posted by i_am_joe's_spleen at 2:40 PM on May 23, 2010


Maybe because potentially hot, aka temperate, places, like the US, prefer the older scale while other first world countries — many of which are colder than the US — use Celsius because it's standard.

Maybe there isn't a reason because it's just personal experience. For example, I totally disagree that people do this in the UK. The only people I've ever heard talking in Fahrenheit are my grandparents and the Telegraph.

Maybe it's because those people who prefer to use Fahrenheit still have to be fluent in what it says on their fridges.
posted by westerly at 2:50 PM on May 23, 2010


I'm a relatively young (late 20s) Canadian, living in Ontario, and myself and my peers seem to use Celsius for the weather but Fahrenheit for body temperatures.
posted by purlgurly at 3:35 PM on May 23, 2010


Some folks do have a hard time with C to body feel temperatures. That's why I've developed the REAL FEEL temperature system. This is based on the number of layers of clothing needed to be comfortable. You can easily gauge what to wear based on this, or if you don't know what temperature it is but are comfortably dressed, you can derive a decent approximation.

Degrees Celsius = 30 - (Number of layers of clothing you need to be comfortable) * 10

Naked: 30C
T-shirt: 20C
T-shirt+overshirt: 10C
T-shirt+overshirt+jacket: 0C
T-shirt+overshirt+thermal layer+coat: -10c

If it's called a "parka" it probably counts for two layers.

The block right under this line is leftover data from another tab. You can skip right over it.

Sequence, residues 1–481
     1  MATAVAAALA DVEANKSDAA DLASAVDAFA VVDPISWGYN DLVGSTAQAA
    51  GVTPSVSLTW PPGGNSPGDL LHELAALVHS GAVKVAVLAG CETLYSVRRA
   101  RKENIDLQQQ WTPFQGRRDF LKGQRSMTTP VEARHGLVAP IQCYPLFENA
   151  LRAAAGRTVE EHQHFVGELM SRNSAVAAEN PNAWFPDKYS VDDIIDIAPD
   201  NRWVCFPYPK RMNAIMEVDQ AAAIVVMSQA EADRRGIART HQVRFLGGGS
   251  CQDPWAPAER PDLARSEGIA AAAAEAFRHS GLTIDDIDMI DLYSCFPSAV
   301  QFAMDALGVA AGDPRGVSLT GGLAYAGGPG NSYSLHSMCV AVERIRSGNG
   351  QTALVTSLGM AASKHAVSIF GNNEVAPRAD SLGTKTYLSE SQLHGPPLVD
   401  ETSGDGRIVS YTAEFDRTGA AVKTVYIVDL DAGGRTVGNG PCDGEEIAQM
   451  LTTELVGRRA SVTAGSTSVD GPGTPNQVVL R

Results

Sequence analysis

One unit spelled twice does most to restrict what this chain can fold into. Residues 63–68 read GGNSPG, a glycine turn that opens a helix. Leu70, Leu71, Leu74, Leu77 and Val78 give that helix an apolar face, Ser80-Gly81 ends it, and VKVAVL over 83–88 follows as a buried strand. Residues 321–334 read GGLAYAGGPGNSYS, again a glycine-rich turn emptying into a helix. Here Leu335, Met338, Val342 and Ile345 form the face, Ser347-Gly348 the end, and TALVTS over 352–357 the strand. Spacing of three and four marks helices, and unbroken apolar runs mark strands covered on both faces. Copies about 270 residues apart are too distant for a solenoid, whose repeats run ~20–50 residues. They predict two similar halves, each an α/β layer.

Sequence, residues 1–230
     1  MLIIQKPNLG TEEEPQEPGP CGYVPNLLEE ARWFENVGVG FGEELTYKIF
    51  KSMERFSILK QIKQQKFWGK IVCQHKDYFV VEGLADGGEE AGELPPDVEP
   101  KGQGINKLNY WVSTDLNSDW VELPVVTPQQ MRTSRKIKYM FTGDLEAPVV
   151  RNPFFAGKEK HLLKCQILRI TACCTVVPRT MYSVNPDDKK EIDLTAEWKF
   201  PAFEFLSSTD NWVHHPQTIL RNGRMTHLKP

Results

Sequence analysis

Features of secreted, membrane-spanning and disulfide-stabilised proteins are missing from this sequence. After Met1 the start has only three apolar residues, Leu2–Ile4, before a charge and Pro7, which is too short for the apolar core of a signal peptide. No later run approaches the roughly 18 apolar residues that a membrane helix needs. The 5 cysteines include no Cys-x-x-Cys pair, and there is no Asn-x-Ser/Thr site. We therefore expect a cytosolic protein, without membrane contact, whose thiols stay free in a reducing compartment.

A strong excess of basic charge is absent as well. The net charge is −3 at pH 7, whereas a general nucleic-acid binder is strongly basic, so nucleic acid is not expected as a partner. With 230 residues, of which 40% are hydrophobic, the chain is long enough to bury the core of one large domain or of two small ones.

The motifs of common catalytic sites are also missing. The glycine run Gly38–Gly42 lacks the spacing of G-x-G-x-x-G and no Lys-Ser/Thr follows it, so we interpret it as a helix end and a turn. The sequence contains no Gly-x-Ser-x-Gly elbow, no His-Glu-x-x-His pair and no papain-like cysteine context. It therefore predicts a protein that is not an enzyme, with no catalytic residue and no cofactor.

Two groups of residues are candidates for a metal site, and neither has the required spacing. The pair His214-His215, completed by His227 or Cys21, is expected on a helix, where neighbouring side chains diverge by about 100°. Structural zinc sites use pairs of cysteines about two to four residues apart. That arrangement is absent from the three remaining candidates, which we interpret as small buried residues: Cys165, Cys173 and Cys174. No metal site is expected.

posted by seanmpuckett at 4:03 PM on May 23, 2010 [3 favorites]


samengland: Metrication happened in the UK in 1965

Yeah but how metric is the UK really?

I know deg C is well entrenched now because that's what the forecasts on TV use and petrol is sold in litres but I wonder about other things. I was watching a rerun of Top Gear yesterday and Stephen Fry was the guest and said how he had lost six stone in weight. I suspect that if he had said it in kg then Jeremy Clarkson wouldn't have had a clue what he meant.

I often listen to BBC Five Live and people's height and weight sometimes come up and I don't think I've ever heard an "ordinary person" caller use metric. A medical person guest was once talking about babies' weight using kg and the host had to ask several times "what's that in pounds?".

If the average Brit was asked for give his height, would it naturally be given in feet and inches or cm?

I think the roads are still in miles.

I get the impression that metric in the UK is more a matter of official correctness than reality for most people but ... I haven't been there so I might be wrong.
posted by tetranz at 5:05 PM on May 23, 2010